for and obtained early in the investigation.
(1) The evidence necessary to support citations being considered
for violation-by-violation penalty sanctions shall be included in the case
file. Such evidence must be present for each separate
(a) Photographs, videotapes, audiotapes, sampling data, and
witness statements shall be used whenever possible to provide supporting
evidence of violative conditions.
(b) Company documents supporting knowledge of the standard
and the violative conditions as well as willfulness of the violation shall be
diligently sought and obtained by subpoena as
(c) Examples of such documents are internal audit reports,
consultant or insurance company reports, trade association articles, minutes
from safety meetings, complaints from employees, memoranda and other
correspondence from safety personnel, especially from plant safety to plant
management or corporate safety recognizing violations and bringing them to
the attention of higher management, and notes relating to OSHA activities and
industry practice in other companies or industries.
(2) Employers must be asked explicitly:
(a) If and when they recognized the hazardous nature of
each of the violations;
(b) If they knew what OSHA's standards require, and, if so,
what steps the company had taken to abate and why the apparent violations had
not been corrected;
(c) If they knew of the documents identified under
subparagraph (1) above and what those documents
(3) Their responses shall be carefully documented in writing
(verbatim if possible). An attempt shall be made to have a second person
present as a witness, particularly when dealing with potentially compromising
(4) Signed employee statements shall be obtained routinely to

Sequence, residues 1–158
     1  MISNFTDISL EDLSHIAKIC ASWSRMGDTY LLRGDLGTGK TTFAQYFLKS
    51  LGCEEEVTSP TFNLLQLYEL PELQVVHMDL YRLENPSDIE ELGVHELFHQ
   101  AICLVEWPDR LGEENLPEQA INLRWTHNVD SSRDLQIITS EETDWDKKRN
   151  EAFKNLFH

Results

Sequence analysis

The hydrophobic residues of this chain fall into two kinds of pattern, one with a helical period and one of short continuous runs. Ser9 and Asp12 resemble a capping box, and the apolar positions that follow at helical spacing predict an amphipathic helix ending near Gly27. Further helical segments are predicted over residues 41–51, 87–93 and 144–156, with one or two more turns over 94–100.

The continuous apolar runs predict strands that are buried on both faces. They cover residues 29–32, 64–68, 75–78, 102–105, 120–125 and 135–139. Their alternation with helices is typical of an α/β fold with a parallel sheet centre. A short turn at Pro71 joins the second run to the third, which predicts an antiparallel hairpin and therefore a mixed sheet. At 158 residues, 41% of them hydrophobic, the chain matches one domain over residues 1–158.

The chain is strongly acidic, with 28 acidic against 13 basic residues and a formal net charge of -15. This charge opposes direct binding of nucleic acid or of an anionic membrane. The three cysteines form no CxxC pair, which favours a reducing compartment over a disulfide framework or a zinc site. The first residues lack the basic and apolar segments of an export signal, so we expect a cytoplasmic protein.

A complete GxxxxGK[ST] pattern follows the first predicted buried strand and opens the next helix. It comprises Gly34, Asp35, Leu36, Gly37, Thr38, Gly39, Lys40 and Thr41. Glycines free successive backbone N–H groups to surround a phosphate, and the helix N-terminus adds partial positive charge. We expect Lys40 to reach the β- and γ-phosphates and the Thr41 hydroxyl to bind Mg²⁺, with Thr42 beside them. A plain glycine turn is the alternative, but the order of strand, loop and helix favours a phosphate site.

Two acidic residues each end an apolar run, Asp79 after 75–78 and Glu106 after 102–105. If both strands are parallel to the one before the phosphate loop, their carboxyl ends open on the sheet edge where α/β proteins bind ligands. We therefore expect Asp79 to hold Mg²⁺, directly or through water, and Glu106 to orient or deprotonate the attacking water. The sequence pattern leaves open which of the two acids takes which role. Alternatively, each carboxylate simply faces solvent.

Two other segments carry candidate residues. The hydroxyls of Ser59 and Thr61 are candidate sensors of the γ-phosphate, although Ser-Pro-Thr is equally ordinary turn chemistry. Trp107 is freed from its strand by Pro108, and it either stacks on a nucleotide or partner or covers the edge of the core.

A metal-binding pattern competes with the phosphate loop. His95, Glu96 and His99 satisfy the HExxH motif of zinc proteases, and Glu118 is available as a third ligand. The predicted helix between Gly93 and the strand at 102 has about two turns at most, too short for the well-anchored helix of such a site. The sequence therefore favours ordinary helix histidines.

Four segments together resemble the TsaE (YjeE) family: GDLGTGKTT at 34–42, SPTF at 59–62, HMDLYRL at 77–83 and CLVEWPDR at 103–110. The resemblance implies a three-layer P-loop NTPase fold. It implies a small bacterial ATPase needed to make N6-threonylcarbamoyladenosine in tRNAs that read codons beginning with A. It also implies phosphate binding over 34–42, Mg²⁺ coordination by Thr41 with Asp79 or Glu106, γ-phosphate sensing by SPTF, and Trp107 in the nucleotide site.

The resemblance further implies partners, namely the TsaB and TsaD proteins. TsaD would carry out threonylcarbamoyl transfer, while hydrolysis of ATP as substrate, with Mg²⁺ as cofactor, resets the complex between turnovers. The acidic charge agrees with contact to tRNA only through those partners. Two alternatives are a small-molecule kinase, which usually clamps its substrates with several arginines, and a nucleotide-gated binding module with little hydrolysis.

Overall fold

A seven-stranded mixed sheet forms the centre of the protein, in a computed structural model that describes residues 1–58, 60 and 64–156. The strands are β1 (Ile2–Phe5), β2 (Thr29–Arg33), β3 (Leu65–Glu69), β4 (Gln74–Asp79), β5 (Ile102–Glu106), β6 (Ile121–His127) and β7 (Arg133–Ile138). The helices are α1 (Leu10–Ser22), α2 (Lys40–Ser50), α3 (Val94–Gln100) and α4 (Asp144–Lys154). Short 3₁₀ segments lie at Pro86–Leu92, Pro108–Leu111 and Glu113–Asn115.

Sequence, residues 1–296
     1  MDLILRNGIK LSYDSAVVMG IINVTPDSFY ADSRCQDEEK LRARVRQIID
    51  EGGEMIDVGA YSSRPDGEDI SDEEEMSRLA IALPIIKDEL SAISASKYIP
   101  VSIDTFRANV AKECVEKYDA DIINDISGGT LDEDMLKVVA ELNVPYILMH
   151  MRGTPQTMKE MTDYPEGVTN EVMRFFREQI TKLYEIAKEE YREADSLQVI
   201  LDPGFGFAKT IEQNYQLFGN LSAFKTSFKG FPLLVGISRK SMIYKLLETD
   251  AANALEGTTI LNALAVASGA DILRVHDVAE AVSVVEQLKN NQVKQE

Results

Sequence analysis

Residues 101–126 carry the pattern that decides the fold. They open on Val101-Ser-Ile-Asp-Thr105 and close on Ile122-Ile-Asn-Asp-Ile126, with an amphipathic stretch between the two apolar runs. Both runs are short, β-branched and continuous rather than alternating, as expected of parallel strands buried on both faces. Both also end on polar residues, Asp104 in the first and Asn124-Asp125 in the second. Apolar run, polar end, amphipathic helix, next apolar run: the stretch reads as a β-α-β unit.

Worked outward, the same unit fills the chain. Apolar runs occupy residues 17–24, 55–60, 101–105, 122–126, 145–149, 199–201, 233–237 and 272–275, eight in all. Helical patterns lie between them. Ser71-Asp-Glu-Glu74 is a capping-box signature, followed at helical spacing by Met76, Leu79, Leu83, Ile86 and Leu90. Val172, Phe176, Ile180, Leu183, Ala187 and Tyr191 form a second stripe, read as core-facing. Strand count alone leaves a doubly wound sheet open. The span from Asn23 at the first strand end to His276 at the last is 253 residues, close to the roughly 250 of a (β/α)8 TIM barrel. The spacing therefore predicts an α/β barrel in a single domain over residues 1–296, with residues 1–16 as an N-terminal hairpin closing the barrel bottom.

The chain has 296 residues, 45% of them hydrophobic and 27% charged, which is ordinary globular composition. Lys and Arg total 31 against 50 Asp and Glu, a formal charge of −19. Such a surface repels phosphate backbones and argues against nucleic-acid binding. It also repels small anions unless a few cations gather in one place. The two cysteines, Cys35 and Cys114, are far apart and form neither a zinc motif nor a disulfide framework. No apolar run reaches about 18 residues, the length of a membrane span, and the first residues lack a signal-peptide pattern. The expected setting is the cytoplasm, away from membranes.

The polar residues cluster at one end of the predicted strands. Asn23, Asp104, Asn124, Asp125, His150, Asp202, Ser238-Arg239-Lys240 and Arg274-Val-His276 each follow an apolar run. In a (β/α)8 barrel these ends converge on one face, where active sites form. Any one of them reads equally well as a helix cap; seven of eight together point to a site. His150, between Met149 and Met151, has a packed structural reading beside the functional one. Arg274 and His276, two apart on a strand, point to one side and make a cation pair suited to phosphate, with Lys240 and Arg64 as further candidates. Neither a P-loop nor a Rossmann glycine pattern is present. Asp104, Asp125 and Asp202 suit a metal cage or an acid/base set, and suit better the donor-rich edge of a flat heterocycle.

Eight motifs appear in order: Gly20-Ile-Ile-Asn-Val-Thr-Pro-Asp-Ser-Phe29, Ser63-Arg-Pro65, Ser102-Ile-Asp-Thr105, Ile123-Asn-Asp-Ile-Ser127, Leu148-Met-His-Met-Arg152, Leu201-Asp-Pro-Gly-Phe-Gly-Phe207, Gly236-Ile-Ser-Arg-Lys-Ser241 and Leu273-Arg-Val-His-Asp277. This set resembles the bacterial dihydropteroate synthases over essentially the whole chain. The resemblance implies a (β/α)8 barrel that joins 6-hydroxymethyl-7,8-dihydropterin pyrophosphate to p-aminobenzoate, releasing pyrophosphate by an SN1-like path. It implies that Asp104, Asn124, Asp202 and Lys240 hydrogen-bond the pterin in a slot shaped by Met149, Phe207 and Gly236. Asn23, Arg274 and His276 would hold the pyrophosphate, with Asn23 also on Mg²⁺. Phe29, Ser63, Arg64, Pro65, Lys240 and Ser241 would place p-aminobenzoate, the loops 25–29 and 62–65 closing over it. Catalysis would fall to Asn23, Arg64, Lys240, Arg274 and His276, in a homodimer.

support each of these violations in as much detail as
(5) Employee exposure and the nature and extent of injuries or
illnesses related to the violations shall be carefully and adequately
(6) The need for subpoenas and medical access orders shall be
decided and documents obtained as soon as possible.
(7) The need for experts shall also be decided and necessary
arrangements made early. It is anticipated that experts will be needed for
cases involving complex violations, such as ergonomics, or abatement
(8) Particular attention shall be paid to anticipating and
preparing for possible employer defenses, in accordance with the FOM, Chapter
c. Early involvement of the Regional Solicitor is essential to
examine and evaluate the documentation and other evidence supporting the
violations and to determine whether expert witnesses or depositions will be
necessary, as well as to provide sufficient time for the Regional Solicitor
to write a legal opinion on the merits of the case.
(1) The Area Director (through the Regional Administrator) shall
seek legal guidance (informally) from the Regional Solicitor periodically
throughout the case development process.
(2) The Regional Administrator shall ensure that such
involvement is accomplished at least 4 full months prior to the 6-month
(3) The Regional Administrator shall also ensure that the entire
case file, including OSHA-1Bs, documentary evidence, statements, and
photographs, is made available to the Regional Solicitor 8 weeks prior to the
5. Citations. The Act authorizes penalties to be proposed for each
violation but limits the maximum penalty that can be proposed. In accordance
with the FOM, Chapter V, the following procedures shall be adhered to in
issuing citations with violation-by-violation penalties:
a. Each separate violation must have its own Standard Alleged
Violation Element (SAVE). (The SAVE must be repeated for each violation
b. Each separate violation must have its own Alleged Violation
Description which will describe the particular conditions associated with
that violation instance.
c. Each separate violation must have its own penalty calculated
in accordance with the procedures given in H.3. of this
6. Regional and National Office Review. The procedures and
timetables given below are to be followed in all cases involving
a. Documentary Package. It is the responsibility of the Area
Director to provide adequate documentation of cases involving
(1) Two copies of the documentation package for all
violation-by-violation citations shall be forwarded to the Regional
Administrator for review.
(2) The package submitted for review shall include, at a
(a) A briefing memorandum summarizing the information
obtained under H.4. of this instruction.
(b) Copies of all OSHA 1-Bs related to the violations to be
proposed for egregious penalty handling. (See NOTE at the end of
subparagraph (4) below.)
(c) Copies of all critical evidence establishing the
willfulness of the violations.
(d) Copies of all critical evidence establishing the
justification for violation-by-violation citation and